Nikkor-Q.C 1:3.5 f=13.5cm for CONTAX I don't have any good illustration photos for both the LSM or the Exacta mount, but curiously, Nikkor-Q.C 1:3.5 f=13.5cm with the Contax bayonet version seemingly has plenty of offers at Ebay today. Generally, Nikon lenses produced for Contax rangefinder cameras, should have an engraved "C" on the lens barrel. Technically, Contax and Nikon lenses are interchangeable on both rangefinder cameras, but the focusing can be different for some lenses especially at close focus distances but not obvious at longer distance focusing, (as the pitch of focusing wheels in the Contax and Nikon rangefinder cameras are not entirely the same). On the other hand, Nikkor lenses made with a Leica Thread Mount (LTM/LSM) can be focused closer than those with the various bayonet mounts. The reason for this is the difference in the register (film plane to mount distance) of the Nikon rangefinder cameras (34.85 mm.) and that of the Leica screw mount cameras (28.8mm.). The LTM/LSM Nikkors are a bit (nearly 6 mm.) longer leaving more space for the focusing wheel - inside the film gate - to come towards the lens mount. All LTM/LSM Nikkor have a separate distance scale of that extra close focus range. Ref: our friend, Nico van Dijk, Holland.
Note: by the way, Nico & I had worked together earlier in a project to compile the Nikkor F-mount 50mm version history in an orderly manner, he is incredibly knowledgeable with the Nikon stuff ! As for other possible combinations, also read HERE.
Nikon S-mount Nikkor-Q.C 1:3.5 f=13.5cm Black Paint
The first radical change to the traditional all chrome/brass appearance of the Nikkor-Q.C 1:3.5 f=13.5cm probably was happened between 1954/55. Popular referred as "black lens" 135/3.5, essentially it is the same lens with the chrome on brass version except a black paint is coated on surface. The weight is also close to the original chrome on brass version, except in some cases the combined weight with accessories would make the package lighter (typically chrome/brass combination weighs approx. 545g, the subsequent black version which mainly use aluminum weighs very much lighter at approx. 390g only. So, to be more appropriate, you can also call it as a Nikkor-Q.C 135/3.5 black paint version. The black paint version could had been provide matched appearance for growing number of black Nikon rangefinder cameras from there on.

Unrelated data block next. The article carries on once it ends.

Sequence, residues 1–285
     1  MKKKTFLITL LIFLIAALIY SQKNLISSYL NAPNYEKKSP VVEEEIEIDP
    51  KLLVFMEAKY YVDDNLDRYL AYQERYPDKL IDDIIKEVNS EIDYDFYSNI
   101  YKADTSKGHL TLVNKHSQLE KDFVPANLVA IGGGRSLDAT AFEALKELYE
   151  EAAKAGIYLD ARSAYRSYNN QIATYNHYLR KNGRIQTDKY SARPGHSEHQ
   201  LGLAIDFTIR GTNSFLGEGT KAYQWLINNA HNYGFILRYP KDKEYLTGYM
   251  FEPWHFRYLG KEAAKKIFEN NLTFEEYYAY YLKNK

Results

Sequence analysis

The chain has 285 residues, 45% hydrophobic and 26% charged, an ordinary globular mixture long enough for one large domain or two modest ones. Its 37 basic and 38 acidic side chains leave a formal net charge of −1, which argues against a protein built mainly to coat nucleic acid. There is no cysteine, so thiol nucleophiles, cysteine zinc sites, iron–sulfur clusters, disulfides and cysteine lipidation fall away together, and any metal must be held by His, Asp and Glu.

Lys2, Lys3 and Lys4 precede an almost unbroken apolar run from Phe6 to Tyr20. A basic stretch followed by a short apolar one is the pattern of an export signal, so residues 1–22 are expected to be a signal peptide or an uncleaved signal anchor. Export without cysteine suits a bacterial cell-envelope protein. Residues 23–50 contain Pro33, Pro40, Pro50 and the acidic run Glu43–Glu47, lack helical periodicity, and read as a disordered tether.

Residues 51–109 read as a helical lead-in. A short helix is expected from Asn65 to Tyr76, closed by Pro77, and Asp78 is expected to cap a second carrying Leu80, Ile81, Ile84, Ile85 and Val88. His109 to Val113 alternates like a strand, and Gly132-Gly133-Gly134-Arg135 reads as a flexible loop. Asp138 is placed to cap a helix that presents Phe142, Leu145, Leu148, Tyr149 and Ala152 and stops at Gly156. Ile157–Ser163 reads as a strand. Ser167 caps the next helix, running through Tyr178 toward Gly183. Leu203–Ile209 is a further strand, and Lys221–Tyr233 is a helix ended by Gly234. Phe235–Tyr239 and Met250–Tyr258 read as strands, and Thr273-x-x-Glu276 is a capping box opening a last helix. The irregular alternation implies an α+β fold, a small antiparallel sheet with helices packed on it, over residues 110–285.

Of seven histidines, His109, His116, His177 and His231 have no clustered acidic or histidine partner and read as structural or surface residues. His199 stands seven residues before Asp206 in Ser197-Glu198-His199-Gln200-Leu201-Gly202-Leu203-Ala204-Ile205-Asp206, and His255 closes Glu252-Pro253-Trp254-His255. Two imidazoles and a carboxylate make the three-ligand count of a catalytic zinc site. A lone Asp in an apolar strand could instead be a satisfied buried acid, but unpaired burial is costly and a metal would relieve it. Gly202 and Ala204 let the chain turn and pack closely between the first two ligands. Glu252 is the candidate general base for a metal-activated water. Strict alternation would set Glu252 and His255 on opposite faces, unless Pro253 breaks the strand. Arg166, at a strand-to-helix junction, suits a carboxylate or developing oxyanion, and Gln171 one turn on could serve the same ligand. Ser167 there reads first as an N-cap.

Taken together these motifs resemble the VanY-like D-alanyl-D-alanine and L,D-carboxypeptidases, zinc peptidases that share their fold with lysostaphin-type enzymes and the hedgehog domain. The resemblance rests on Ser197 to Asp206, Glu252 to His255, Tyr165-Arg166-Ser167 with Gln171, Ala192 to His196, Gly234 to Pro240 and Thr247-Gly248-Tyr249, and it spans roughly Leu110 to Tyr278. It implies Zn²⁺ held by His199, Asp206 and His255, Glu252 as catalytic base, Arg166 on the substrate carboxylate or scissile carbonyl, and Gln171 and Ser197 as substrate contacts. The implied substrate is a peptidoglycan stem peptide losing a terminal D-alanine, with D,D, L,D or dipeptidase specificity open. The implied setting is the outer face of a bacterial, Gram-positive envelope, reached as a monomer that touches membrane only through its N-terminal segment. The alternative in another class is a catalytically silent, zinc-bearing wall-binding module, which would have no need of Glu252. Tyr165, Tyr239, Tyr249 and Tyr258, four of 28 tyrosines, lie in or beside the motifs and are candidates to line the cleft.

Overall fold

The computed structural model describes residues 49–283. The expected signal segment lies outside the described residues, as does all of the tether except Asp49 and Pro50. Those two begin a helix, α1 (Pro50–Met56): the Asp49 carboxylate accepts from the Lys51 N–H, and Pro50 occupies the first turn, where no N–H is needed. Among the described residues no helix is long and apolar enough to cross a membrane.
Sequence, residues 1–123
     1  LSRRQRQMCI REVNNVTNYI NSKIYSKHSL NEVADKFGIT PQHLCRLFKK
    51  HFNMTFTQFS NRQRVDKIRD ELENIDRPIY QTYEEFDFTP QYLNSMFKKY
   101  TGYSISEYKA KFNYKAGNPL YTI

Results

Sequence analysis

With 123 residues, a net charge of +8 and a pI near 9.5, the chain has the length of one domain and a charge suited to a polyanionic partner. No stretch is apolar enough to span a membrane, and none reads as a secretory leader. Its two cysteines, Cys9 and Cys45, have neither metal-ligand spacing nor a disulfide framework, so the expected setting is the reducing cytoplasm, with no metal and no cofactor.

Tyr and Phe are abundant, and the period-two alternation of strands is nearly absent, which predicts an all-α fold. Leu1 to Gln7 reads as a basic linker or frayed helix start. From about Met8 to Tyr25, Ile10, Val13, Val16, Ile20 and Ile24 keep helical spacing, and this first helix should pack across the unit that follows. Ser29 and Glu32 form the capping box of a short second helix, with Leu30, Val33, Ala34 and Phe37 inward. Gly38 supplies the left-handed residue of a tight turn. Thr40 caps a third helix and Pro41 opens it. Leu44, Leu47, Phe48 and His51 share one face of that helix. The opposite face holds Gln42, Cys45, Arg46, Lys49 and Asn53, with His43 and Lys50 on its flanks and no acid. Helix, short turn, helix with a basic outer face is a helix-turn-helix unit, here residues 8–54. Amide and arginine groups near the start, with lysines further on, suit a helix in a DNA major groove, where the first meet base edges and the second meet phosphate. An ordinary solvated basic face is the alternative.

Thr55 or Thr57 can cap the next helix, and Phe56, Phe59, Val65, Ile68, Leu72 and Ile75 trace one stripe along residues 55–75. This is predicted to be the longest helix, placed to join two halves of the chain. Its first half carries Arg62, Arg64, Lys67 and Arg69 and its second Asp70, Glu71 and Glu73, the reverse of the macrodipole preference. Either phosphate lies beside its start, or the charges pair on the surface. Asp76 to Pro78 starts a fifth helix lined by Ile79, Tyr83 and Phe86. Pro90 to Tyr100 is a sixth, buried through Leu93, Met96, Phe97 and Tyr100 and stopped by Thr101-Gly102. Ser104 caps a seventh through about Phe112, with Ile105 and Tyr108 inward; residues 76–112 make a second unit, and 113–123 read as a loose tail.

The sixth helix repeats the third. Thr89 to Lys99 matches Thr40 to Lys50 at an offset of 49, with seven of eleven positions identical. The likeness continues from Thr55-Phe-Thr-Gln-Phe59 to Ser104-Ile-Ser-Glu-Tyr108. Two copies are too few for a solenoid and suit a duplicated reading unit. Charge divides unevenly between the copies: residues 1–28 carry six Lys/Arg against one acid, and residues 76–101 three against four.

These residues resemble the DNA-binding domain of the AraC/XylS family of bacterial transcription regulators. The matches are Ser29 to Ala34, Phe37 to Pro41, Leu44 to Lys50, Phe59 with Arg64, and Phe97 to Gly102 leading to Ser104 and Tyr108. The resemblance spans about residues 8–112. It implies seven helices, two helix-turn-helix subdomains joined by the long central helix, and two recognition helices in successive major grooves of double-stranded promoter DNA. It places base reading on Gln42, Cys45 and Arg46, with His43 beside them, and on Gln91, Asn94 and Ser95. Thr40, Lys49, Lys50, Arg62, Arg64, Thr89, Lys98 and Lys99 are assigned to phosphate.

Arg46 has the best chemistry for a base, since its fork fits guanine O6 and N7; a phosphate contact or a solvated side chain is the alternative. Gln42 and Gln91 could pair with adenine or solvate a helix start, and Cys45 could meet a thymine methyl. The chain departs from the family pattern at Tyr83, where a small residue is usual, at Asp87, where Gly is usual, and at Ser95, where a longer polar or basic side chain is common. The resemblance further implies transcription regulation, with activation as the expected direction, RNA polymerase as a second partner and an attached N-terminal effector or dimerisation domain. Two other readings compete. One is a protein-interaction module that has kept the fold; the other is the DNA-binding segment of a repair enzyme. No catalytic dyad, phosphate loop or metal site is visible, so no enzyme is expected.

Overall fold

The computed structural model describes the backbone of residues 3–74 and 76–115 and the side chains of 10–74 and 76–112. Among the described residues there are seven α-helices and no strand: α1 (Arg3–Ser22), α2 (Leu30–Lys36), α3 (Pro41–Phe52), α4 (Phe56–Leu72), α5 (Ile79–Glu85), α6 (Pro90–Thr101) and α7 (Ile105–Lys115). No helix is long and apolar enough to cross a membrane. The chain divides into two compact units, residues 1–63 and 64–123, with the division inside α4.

Visual guide to differentiate this with the later aluminum bodied 135/3.5 in black will be discussed at next chapter. However, some of the accessories for the lens may be different. It was provided with a matching lens hood in black, still able to reversibly snap on and stores at the front but not as heavy as it is aluminum In some cases, the black metal rear lens cap was replaced with plastic type, so did the front lens cap, with or without inscriptions of the maker.
Nikkor-Q.C 1:3.5 f=13.5cm Black Paint in Contax bayonet-mount
The 135/3.5 was produced in other mounts such as Contax and Leica thread mount. Some references said probably the Exacta mount version could had been phased out during this period due to poor sales. The Contax mount version shares many similarities with the S-mount Nikkor 135/3.5, which including the accessories. The black lens hood has no other specific inscription to label it for 135mm, instead, only the country of origin, Japan was printed. None of this series in black has MIOJ or Tokyo, with the latter changed to Nippon Kogaku Japan. But some of the series may still bear the "EP' marking, so did with the LSM version.
Unlike the S-Mount Nikkor or the Contax bayonet mount versions which has a large ring; LEICA THREADED MOUNT Nikkor lenses can be easily distinguished by lack of the mounting ring at the rear section and it looks different from the others. Shown below is a picture downloaded from Ebay auction sales by Mr. Sajad of Leica-Dlux@Ebay, which shows partial section of the lens near the lens mount.
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Nikkor-Q.C 1:4 f=13.5cm | Nikkor-Q.C 1:3.5 f=13.5cm Chrome / Nikkor-Q.C 1:3.5 f=13.5cm Black Paint | Nikkor-Q.C 1:3.5 f=13.5cm Black / spec /accessories | Bellow-Nikkor 1:4 f=13.5cm
Leica/Leitz 13.5cm lens group:
Canon 13.5cm lens group:
Contax / Carl Zeiss 13.5cm lens group (various)
W-Nikkor-O 1:4 f=2.1cm | W-Nikkor.C 1:4 f=2.5cm | W-Nikkor.C 1:3.5 f= 2.8cm | W-Nikkor.C 3.5cm lens Group (3.5/2.5/1.8) | Stereo-Nikkor 1:3.5 f=3.5cm | 5cm (50mm) lens group | RF Micro-Nikkor 1:3.5 f=5cm | Nikkor-P.C 1:2 f=8.5cm lens group / Nikkor-S.C 1:1.5 f=8.5cm lens group | Nikkor-P.C 1:2.5 f=10.5cm lens group / Nikkor-T 1:4 f=10.5cm | 13.5cm lens group | Nikkor-H 1:2.5 f=18cm | Nikkor-Q 1:4 f=25cm | Nikkor-T 1:4.5 f=35cm | Nikkor-T.C 1:5 f=50cm | External Link:- 100cm f/6.3
System Accessories for Nikon Rangefinder cameras